Maimonides’ words are a small part of a larger Jewish tradition that teaches to love the convert as oneself. Yet, the convert is also often reminded of his or her non-Jewish heritage. For example, he/she cannot make the declaration during the Bikkurim ceremony that “G-d swore to our forefathers, and to us” [Mishnah Bikkurim1:4].

I recently stopped dating someone, not because we were incompatible as people, but because he is a Kohen and I am a convert. If my origin is not supposed to be considered inferior, and if I am supposed to be loved as oneself, how am I supposed to feel when I am told that I cannot marry a Kohen because as a convert I am considered promiscuous? I grew up in a world surrounded by Jewish people. I am no more likely to have slept with a non-Jewish man than many of my fully Jewish counterparts.

-by “Ruth”
“A convert in a strange land”
Sunday, March 18, 2012/Adar 24, 5772
The Times of Israel

All I’m trying to do is “uncomplicate” my life and to find a sense of peace within myself and within my relationship with God. What complicates my plan is not only the struggles inside of myself but the world around me, starting with my immediate household and the practicalities of relationships, schedules, and priorities. I am religiously incompatible with my wife and daughter, but it’s not nearly as extreme as we see in the examples I quoted above. Both of those Jewish women find themselves at odds with either their spouse or with Judaism as a faith and as a people. They are both alike in their desire to “be more Jewish” and to have a closer relationship with the God of Israel.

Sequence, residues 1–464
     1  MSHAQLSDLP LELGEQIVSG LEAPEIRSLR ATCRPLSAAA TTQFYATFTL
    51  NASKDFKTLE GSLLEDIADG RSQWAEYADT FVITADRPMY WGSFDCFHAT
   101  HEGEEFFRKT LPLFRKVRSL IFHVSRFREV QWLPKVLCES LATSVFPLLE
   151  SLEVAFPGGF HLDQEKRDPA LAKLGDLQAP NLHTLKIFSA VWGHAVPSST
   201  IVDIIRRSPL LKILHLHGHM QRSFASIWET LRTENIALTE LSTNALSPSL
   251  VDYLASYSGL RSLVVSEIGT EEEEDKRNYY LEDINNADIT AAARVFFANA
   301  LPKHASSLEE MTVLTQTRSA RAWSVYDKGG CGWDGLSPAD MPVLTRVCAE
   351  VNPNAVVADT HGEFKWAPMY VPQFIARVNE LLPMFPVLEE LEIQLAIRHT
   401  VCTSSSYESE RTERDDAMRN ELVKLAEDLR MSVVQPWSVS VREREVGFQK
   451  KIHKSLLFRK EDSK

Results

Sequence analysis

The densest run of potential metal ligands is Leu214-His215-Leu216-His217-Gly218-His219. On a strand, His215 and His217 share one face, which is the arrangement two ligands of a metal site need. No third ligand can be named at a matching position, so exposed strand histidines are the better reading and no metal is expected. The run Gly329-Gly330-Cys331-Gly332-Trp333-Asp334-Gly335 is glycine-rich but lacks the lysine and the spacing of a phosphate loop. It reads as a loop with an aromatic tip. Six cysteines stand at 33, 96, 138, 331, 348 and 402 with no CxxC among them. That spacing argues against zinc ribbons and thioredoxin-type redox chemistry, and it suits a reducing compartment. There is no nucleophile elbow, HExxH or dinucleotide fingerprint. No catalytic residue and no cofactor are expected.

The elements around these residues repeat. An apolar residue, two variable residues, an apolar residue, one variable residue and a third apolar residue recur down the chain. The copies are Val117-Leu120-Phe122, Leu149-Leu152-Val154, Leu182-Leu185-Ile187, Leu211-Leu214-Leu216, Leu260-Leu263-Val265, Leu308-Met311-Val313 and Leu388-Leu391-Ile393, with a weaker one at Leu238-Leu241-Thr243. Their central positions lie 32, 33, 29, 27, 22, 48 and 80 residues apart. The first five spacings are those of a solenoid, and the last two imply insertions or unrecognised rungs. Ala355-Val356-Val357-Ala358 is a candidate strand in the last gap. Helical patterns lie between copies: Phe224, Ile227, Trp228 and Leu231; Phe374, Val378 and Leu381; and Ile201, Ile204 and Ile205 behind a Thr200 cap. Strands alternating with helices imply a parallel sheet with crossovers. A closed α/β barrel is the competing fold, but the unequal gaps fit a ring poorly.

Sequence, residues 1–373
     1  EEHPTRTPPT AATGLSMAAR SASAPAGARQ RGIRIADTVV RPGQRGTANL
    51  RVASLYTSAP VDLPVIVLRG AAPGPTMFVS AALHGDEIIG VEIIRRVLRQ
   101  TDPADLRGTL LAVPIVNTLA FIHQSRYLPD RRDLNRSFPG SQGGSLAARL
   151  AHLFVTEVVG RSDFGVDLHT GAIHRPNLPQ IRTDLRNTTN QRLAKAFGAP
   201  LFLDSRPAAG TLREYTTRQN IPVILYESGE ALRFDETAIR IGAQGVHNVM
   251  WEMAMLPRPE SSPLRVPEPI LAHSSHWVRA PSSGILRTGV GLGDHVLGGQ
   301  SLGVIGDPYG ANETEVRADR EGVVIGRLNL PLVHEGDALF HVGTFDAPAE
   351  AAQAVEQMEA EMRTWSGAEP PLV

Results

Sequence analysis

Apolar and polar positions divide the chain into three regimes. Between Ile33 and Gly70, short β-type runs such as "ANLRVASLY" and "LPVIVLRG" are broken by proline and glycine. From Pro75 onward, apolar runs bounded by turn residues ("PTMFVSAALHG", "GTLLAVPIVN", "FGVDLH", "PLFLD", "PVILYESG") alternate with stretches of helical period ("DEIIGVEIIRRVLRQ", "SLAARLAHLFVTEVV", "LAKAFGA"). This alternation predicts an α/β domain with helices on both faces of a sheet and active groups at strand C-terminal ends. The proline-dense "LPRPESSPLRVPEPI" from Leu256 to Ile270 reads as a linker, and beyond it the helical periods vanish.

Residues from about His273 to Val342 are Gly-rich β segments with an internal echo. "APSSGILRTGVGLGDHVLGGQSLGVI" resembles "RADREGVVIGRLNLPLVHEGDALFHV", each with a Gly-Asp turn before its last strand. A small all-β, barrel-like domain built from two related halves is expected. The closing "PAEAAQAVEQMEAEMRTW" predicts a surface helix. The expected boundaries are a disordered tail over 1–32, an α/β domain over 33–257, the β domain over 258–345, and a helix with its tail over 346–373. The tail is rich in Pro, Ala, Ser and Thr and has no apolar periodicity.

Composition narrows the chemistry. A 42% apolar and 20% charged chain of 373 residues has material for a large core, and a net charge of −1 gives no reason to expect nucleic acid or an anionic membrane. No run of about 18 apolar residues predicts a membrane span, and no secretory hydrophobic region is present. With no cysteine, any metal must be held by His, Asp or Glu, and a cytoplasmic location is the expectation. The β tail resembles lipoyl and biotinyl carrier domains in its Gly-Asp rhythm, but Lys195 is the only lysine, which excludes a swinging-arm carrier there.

In that very last part, I’m like them, too. But like them, I’m also facing the realities of the world and the people around me. The world will not become perfect this side of the Messiah, nor can I wait for that event to occur before attempting to climb the first rung of the ladder and lift myself from the bottom of the abyss.

According to Rabbi Freeman, the secret to being awake to God is how you fall asleep and even how you dream. I’m still sitting at the bottom of my dusty but not uncomfortable well. I’m still contemplating the first rung to the ladder God has set before me. But maybe this too is just a dream, and I am perpetually waiting to wake up.

It will be Monday morning when you read this and the rush of the beginning of the work week will have already begun. How did I sleep last night? What did I dream? When I woke up, where was my spirit, and where is God?